A typical day for an ERP consultant

When it comes to a typical day of an ERP consultant, the only constant is there is no typical day. Projects might be similar from the implementation phase point of view, but the details that are covered each day are different from one project to another. Some days might be just meetings with the customer. Other days might be some internal meetings with other consultants or developers. To have a better understanding of what an ERP consultant does, we can group tasks into the following categories:

Customer meetings 

From requirement gathering meetings to training sessions. From clarifying data import meetings to support meetings when a user gets an error. All of them are meetings with the customer and their employees.

Internal Meetings 

Meetings within the implementation team. This could be meetings between consultants to discuss workflows. To discuss issues found in the implementation. Meetings between ERP consultants and developers to discuss needed customizations.

System setup

In this type of task, there could be activities like setting up the training environment. Another activity can be setting up the Live environment. Where the customer will execute his day-to-day after the implementation is done.

Workflow testing

Then, ERP Consultants set up workflows in the software based on requirements and customer situations. After that, they test the workflows to ensure they fit the customer’s requirements. For example, invoicing items in different scenarios. This way, they ensure the workflows cover all potential situations.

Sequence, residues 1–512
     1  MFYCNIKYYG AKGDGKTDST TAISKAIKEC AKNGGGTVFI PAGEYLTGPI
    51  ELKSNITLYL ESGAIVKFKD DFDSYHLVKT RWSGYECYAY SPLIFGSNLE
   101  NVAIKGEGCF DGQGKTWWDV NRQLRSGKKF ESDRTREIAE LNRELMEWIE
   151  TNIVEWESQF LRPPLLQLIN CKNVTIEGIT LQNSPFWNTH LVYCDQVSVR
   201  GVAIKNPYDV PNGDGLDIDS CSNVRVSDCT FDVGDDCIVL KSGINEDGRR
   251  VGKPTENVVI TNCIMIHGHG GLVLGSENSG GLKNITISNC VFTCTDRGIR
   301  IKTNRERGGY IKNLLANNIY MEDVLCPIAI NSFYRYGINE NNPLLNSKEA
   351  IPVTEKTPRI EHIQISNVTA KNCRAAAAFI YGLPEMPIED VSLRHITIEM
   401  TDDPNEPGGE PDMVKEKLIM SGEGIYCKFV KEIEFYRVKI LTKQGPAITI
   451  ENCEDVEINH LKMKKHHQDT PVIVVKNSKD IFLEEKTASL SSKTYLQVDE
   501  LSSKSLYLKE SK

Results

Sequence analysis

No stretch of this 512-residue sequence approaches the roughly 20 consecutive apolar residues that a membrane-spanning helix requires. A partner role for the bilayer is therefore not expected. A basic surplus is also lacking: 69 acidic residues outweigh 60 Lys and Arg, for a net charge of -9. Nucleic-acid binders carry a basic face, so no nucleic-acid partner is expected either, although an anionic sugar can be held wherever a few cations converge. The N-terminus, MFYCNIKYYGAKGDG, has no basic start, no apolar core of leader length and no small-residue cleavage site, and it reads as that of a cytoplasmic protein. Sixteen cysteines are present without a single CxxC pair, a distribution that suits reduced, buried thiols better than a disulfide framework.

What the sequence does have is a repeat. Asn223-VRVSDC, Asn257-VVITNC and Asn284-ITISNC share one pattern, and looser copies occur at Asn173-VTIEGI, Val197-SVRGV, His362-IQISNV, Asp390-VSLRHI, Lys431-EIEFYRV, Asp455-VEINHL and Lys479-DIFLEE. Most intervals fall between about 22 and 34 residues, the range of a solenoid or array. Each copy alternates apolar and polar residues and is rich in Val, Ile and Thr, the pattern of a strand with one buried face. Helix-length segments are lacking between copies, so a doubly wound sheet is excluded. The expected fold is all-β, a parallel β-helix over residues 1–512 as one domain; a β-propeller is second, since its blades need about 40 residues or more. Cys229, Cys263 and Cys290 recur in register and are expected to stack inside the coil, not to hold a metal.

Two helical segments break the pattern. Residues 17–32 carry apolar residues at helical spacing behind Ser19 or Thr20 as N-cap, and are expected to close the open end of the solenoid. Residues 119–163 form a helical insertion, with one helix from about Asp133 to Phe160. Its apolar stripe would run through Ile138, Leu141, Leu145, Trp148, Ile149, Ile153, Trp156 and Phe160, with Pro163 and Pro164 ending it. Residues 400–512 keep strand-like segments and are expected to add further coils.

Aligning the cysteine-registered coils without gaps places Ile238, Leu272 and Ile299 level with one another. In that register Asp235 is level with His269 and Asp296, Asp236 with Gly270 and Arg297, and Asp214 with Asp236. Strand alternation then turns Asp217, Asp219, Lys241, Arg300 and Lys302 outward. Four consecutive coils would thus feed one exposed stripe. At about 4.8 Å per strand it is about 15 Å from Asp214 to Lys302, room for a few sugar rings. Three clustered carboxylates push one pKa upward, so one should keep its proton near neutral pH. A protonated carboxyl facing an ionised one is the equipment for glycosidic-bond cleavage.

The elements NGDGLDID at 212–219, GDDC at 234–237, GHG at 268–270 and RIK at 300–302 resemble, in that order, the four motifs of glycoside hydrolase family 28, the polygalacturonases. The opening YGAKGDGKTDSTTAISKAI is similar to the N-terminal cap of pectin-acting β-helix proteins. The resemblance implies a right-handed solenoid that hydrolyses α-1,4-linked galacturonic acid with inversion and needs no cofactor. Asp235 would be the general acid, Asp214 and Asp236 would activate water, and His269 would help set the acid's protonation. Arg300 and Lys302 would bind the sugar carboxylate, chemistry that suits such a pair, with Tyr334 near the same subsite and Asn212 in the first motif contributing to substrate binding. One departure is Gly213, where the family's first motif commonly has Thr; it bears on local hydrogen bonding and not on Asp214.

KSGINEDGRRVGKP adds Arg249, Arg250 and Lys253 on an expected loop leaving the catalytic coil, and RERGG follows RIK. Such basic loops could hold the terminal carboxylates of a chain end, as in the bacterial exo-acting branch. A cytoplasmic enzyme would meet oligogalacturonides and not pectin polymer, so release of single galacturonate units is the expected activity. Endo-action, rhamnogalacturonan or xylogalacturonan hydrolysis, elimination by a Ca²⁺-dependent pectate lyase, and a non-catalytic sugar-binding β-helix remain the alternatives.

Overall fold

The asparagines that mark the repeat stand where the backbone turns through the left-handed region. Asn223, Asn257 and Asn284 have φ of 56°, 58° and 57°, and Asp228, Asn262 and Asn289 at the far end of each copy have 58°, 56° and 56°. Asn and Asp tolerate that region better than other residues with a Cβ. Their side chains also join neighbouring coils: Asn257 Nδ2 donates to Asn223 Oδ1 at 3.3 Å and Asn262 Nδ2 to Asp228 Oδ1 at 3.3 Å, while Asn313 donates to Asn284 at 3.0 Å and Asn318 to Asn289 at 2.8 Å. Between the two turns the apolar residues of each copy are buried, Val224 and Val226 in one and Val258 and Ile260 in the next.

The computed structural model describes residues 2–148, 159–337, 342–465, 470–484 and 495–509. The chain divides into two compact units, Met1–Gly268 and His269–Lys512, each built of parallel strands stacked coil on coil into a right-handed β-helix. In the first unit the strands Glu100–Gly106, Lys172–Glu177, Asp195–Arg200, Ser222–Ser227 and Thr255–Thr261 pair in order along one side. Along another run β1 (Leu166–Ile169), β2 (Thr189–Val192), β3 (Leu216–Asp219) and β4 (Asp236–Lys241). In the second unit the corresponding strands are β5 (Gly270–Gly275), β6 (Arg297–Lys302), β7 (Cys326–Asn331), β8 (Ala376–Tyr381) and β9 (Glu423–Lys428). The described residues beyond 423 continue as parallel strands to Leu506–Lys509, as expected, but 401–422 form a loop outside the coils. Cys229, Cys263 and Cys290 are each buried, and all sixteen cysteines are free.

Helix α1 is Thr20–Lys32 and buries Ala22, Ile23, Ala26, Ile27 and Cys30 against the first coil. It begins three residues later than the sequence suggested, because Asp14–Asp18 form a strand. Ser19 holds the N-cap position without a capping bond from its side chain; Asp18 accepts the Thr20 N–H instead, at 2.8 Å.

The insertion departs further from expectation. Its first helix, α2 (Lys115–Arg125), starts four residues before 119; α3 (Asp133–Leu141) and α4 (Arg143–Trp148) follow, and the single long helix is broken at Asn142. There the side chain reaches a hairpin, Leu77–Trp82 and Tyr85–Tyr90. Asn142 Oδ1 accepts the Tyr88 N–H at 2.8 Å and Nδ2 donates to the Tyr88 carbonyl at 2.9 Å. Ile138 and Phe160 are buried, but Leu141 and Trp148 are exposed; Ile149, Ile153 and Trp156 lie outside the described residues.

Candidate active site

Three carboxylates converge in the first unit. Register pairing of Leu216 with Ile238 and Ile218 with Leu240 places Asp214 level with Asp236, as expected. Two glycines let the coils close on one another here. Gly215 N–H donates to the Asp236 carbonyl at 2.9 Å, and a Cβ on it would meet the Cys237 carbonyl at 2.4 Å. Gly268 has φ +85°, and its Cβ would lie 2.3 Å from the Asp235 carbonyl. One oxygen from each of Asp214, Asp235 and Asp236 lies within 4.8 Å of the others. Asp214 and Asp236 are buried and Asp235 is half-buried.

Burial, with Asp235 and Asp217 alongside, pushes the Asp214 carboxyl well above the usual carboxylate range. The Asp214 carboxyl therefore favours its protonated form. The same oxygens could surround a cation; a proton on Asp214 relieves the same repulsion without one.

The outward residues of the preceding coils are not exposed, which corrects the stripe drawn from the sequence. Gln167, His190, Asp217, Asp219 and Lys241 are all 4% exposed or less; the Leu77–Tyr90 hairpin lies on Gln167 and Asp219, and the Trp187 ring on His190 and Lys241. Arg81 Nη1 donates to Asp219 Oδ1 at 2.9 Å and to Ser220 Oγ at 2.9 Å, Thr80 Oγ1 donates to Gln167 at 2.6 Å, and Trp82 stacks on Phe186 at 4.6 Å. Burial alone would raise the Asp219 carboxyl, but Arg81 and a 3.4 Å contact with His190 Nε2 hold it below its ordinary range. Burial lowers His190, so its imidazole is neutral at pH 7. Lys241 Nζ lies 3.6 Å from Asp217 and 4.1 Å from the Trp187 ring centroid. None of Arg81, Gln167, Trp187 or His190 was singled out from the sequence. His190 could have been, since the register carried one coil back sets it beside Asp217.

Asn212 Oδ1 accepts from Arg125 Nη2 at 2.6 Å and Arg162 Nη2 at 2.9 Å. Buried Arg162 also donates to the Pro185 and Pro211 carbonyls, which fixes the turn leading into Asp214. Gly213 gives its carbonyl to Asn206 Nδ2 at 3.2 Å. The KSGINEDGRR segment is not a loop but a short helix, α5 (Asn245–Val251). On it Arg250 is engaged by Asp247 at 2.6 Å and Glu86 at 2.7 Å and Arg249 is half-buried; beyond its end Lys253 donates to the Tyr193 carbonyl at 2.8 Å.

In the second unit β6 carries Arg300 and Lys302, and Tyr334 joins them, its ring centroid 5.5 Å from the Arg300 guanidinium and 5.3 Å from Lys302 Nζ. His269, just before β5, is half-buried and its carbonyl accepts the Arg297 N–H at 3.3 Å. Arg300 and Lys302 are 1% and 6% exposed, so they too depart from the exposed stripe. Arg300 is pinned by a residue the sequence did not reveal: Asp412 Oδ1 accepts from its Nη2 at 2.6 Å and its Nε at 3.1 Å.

Functionality testing

Customers might have requirements that are not standard in the ERP. These functionalities need to be built. To make sure they are built properly, they need to be tested by ERP consultants. Like workflow testing, the consultant tests different scenarios to validate new functionality.

Data Import

Data from the old software needs to be imported into the new one. This is the responsibility of the ERP consultant. An example could be to import the list of customers.


It might not seem like it, but an ERP consultant does a lot of writing. From writing emails to the customer to writing requirement documents or workflow procedures.

Final Thoughts

At the end of the day, the ERP consultant role is a versatile one. It requires a mix of technical and soft skills to do the job. And, in this role, no day is the same, as no day looks like the other. At the same time, it’s a rewarding career option that helps anyone develop in multiple areas at the same time.

If you’re interested in entering the ERP consultant role, here are some suggestions. A bachelor’s degree might be required (especially if you want to work on the accounting side of the implementation). Also, a certification might be necessary for the beginning. The best thing to do is to find an ERP (maybe from one of the big vendors, SAP,  Microsoft, Oracle, etc.) go on their website, look at the certification requirement, and read their documentation. The one thing you will get back to, even after years of experience is the vendor’s documentation. One example might be Microsoft with one of their ERPs, Dynamics 365 Business Central. Here you can find the documentation and here you can find the certification page. 

Interested in ERP services? Look no further! Through our partnership with Microsoft, we make sure our clients take advantage of the full capabilities of one of the best ERPs on the market. For more details about how we can help companies looking for ERP implementation services, check out this link.


Article written by Dumitru Pop